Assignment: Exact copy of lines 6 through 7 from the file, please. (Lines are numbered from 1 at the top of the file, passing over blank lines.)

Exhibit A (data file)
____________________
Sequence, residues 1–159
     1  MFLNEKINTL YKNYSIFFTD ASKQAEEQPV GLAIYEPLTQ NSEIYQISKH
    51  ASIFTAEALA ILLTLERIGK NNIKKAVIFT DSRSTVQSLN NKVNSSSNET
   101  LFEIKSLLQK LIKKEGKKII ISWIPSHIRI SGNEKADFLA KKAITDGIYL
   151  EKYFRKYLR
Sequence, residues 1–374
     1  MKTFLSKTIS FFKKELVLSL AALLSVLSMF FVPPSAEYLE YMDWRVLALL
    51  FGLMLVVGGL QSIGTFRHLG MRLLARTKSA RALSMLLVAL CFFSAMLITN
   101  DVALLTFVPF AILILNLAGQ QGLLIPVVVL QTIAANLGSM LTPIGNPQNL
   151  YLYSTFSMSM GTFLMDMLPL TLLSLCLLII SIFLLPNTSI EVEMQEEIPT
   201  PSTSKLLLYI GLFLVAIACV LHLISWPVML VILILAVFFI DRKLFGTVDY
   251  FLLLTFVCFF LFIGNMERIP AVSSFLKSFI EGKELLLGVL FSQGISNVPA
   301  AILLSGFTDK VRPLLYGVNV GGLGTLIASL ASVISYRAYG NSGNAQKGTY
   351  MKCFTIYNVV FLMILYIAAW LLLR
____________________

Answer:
Sequence, residues 1–374
     1  MKTFLSKTIS FFKKELVLSL AALLSVLSMF FVPPSAEYLE YMDWRVLALL